Particles called *pions*, which 'live' for only 26ns before
decaying into *muons,* are found to live many times longer if they are
moving at very high speeds. Also,
highly accurate clocks have been put at the top and bottom of towers and it is
found that the clock at the top of the tower runs slower than the one at the
bottom because the clock at the top moves farther than the other one in the
same amount of time when the Earth rotates.

An interesting thing to note about time
dilation is that if you were going the speed of light, time around you would
not pass, and if you were to go *faster* than the speed of light, you
would arrive at your destination *before* you even started your
journey! However, it is impossible to
go the speed of light, and just as impossible to go faster than the speed of
light, as other parts of the theory show.

** THE FITZGERALD-LORENTZ CONTRACTION**

Fitzgerald was definitely on the right
track when he suggested that objects contract in the direction of their
movement. Length contraction is closely
related to time dilation: the formula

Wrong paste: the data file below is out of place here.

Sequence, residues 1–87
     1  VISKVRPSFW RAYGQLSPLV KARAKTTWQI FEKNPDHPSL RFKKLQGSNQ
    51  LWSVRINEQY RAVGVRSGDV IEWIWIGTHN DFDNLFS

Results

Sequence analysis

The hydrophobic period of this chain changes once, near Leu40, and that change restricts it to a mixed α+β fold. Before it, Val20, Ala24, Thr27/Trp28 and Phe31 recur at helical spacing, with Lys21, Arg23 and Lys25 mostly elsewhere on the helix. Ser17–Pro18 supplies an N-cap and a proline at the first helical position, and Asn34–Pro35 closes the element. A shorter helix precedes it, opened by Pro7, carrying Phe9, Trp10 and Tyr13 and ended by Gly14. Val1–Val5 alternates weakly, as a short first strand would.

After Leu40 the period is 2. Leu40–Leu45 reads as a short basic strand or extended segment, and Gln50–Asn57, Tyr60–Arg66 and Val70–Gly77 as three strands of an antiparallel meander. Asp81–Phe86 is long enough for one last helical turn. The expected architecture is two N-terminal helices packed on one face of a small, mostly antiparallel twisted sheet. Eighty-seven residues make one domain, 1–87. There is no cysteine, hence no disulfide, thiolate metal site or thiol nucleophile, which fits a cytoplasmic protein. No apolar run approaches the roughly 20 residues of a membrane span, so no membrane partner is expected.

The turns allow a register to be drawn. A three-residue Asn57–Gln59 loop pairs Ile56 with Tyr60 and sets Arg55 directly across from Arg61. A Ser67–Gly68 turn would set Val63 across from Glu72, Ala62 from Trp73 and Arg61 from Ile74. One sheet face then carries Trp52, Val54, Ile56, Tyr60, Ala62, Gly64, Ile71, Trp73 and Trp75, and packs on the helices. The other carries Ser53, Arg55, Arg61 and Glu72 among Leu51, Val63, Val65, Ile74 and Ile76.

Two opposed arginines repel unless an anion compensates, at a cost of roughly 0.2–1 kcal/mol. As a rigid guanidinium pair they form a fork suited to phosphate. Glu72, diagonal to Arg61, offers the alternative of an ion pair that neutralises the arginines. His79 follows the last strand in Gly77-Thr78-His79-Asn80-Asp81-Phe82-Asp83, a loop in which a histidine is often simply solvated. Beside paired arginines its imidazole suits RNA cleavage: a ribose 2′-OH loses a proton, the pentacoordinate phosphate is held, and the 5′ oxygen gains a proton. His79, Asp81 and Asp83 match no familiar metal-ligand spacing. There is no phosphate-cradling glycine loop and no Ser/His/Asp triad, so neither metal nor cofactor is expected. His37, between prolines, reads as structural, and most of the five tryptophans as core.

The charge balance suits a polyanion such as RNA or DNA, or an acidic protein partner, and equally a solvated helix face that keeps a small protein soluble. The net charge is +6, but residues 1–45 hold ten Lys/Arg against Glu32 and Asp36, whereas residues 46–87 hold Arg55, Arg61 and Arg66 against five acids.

is the opposite of that for time dilation, and with t and t' switched to x and
x': the time dilation formula is t = gt', while the equation for length contraction
that is observed from the stationary frame is x = x'/g.
That is, if someone in a 'stationary' frame takes a measurement of a
length in a moving frame, he will get a smaller measurement than would someone
who is in the moving frame because if g
is greater than one, then the x measurement will be smaller than x'
measurement.

For example, I have two 3m long boxes that
each have a lamp at one end. Light
takes 10 nanoseconds to travel 3m, so if I turn on the lamp in one of the
boxes, it will take 10ns for the light to hit the other side of the box. I put one of the boxes on a rocket ship and
now the box is moving at a velocity of 0.6c relative to me. Both lamps turn on at the same time *t=t'=0*. i observe the light to leave the lamp in
each of the boxes at the same time, and the light hits the other end of the
boxes at the same time in my frame. In
the box in my frame, the light takes 10ns to go from one side to the
other. Use the time dilation formula
(t=gt') to find out how long the
light takes to go from one end of the box in the moving frame to the other end.

t = 10ns; V = 0.6c;
g = 1/sqrt(1 - v²/c²)

t = gt'

10ns = t' (1/sqrt(1 -
v²/c²))

10ns = t' / sqrt(1 -
(0.6c)²/c²)

10ns = t' / sqrt(1-0.36)

10ns = t' / sqrt(0.64)

10ns = t' / 0.8

t' = 8ns

So,
if only 8ns has passed in the moving box and light went from one end to the
other, the box can not be 3m long! The
moving box must only be 0.8 x 3m = 2.4m long!

Of course, a person in the box would still